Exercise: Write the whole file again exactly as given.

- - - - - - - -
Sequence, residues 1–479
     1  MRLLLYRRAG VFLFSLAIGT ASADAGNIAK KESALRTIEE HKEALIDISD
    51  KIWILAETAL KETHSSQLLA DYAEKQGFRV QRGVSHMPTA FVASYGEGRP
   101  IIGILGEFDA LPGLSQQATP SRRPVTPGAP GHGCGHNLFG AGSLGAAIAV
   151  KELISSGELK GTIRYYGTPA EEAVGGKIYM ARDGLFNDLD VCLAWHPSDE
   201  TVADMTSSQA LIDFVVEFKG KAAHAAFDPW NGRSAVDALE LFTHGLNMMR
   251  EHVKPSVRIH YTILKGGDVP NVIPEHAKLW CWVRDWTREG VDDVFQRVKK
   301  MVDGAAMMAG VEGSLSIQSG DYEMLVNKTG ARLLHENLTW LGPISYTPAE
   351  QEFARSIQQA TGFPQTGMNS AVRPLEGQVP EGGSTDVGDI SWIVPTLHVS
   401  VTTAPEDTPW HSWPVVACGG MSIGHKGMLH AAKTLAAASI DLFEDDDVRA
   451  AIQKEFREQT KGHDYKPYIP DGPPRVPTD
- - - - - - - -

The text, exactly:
Sequence, residues 1–479
     1  MRLLLYRRAG VFLFSLAIGT ASADAGNIAK KESALRTIEE HKEALIDISD
    51  KIWILAETAL KETHSSQLLA DYAEKQGFRV QRGVSHMPTA FVASYGEGRP
   101  IIGILGEFDA LPGLSQQATP SRRPVTPGAP GHGCGHNLFG AGSLGAAIAV
   151  KELISSGELK GTIRYYGTPA EEAVGGKIYM ARDGLFNDLD VCLAWHPSDE
   201  TVADMTSSQA LIDFVVEFKG KAAHAAFDPW NGRSAVDALE LFTHGLNMMR
   251  EHVKPSVRIH YTILKGGDVP NVIPEHAKLW CWVRDWTREG VDDVFQRVKK
   301  MVDGAAMMAG VEGSLSIQSG DYEMLVNKTG ARLLHENLTW LGPISYTPAE
   351  QEFARSIQQA TGFPQTGMNS AVRPLEGQVP EGGSTDVGDI SWIVPTLHVS
   401  VTTAPEDTPW HSWPVVACGG MSIGHKGMLH AAKTLAAASI DLFEDDDVRA
   451  AIQKEFREQT KGHDYKPYIP DGPPRVPTD